A practical application that demonstrates the technical problems mentioned above is a truck fleet that operates an automated package delivery system. Figure 1 illustrates the communication architecture of our fleet application. In the fleet application, a user would connect through the Web and Data Center (WDC) web interface, request delivery of a package, and give information pertaining to the package, such as where the package can be picked up, its priority, and where it should be delivered. The WDC passes this on to a depot in the general geographic area of the package, which schedules a pick-up. A truck will arrive according to the schedule set by the depot, and take the package to its next stop, which could be the package’s destination, or some intermediate point between the package’s source and its destination. The trucks, depots and WDC form a heterogeneous network with different types of communications, and databases of varying capacity (Figure 1). The WDC and depots are assumed to have a wired network connection, but depots have wireless connections to their respective trucks. Also, the trucks can communicate with each other directly through their wireless devices.

Figure 1.

Communication in the fleet system


Key Terms in this Chapter

Quality of Service (QoS): The goal of QoS is to provide satisfactory services to the user while executing programs. This can be functional or non-functional features.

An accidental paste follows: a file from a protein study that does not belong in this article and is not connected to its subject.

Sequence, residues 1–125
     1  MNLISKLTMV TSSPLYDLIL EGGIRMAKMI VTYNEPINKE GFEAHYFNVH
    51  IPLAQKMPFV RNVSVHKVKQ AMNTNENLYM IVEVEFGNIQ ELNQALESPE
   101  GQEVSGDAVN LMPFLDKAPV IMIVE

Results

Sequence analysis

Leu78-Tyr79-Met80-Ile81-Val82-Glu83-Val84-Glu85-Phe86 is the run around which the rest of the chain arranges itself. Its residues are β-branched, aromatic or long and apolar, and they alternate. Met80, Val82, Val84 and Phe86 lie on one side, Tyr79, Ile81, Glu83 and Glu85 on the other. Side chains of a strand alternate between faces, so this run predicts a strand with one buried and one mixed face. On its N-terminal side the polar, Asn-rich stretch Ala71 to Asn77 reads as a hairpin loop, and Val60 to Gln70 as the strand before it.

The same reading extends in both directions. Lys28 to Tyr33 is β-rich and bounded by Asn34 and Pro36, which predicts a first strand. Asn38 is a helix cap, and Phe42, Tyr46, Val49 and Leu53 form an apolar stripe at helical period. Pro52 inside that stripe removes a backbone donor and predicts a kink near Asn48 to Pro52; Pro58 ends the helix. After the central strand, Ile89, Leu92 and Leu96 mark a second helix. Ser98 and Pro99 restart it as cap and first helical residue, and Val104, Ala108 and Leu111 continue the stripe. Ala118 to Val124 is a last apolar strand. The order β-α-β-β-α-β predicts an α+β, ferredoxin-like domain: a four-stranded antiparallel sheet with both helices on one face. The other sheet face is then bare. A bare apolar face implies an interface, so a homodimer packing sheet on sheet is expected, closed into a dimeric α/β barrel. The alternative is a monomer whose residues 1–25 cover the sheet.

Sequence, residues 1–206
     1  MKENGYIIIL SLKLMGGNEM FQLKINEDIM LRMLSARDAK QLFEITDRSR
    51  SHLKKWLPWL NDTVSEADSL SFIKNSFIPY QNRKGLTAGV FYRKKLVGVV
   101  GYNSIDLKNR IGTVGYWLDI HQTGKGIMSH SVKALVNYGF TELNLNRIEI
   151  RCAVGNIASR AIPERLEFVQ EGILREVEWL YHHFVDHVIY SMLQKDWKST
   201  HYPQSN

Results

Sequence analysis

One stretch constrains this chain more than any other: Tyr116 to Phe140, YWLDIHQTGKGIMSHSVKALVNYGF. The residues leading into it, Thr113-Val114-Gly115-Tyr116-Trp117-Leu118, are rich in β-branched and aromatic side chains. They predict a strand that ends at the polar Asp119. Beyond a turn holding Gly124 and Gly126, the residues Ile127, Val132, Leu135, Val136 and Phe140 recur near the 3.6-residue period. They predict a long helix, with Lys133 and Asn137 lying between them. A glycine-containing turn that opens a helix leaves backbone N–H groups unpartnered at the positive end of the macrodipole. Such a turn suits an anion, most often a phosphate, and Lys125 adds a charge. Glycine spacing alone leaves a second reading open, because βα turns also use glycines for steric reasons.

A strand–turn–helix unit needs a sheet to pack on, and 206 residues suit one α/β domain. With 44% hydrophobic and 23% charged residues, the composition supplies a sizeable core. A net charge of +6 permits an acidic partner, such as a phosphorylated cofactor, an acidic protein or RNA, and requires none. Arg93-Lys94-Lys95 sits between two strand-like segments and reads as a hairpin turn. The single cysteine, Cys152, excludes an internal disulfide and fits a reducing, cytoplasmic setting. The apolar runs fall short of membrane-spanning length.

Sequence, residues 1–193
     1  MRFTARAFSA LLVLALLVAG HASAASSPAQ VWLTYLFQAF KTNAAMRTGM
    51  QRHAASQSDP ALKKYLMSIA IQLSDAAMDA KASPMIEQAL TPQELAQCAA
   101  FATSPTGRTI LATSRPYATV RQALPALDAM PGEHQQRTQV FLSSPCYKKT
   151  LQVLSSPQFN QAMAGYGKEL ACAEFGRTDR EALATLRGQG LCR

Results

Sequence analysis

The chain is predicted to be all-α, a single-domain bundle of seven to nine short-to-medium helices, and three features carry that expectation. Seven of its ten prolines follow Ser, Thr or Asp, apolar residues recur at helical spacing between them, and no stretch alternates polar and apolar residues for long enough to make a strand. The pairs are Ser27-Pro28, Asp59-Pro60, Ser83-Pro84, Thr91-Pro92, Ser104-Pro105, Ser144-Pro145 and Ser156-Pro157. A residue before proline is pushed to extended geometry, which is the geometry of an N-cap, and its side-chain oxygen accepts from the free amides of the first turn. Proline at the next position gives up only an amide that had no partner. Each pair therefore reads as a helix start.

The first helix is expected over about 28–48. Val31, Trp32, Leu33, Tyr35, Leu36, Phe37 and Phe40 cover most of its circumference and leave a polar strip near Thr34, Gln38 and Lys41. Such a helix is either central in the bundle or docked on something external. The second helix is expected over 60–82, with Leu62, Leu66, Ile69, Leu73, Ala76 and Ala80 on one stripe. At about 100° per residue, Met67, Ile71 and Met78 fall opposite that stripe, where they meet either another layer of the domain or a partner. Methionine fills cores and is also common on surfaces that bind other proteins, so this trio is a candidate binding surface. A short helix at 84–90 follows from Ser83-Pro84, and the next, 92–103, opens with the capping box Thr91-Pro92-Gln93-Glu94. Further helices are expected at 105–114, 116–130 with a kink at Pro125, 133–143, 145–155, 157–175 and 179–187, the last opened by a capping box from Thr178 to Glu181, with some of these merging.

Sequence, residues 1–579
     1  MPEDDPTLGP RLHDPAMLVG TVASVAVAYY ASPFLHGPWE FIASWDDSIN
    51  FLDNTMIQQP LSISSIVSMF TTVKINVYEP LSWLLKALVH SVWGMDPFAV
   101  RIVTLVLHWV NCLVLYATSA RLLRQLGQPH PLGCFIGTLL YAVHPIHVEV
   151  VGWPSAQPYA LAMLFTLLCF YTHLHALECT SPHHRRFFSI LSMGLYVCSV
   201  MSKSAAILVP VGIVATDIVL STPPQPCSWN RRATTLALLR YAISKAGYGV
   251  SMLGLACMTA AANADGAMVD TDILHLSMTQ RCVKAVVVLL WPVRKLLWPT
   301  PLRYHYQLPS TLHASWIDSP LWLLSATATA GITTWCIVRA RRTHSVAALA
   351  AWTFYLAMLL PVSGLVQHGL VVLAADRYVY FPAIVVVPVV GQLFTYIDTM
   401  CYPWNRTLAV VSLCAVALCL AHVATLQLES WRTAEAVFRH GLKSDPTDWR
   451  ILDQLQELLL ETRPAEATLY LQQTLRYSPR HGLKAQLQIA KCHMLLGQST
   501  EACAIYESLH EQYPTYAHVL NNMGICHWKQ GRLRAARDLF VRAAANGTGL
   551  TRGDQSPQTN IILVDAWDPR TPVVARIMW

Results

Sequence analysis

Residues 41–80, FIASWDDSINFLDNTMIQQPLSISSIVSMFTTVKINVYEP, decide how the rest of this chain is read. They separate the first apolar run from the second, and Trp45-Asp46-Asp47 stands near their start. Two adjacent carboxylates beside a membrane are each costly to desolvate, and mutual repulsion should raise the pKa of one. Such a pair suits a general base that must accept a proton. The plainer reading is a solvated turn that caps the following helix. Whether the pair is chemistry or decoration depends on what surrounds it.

Tentative Transaction: Refers to a transaction that is committed without getting the full consent from all participants due to reasons such as unavailability to most recent data. Once all the participants are in a position to make the final decision on the transaction, either tentative transaction will be committed or rolled back.

Proxy (in Mobile Computing): Is a computer that has the authority to act on behalf of another computer (mobile device in our case).

Context Aware Computing: Context aware computing sought to deal with dynamic changes in the computing environment such as low bandwidth, low power, or (and) changes in the location.

Reconfigurable Middleware Systems: Middleware systems that can behave differently by activating and deactivating its components for different applications and environments. Changes in the middleware can be functional or non-functional.

Middleware: Is a software system that functions as the broker between two district applications. Usually, middleware systems abstract the functionality of underlying network, device, or other software applications by hiding system and network heterogeneity.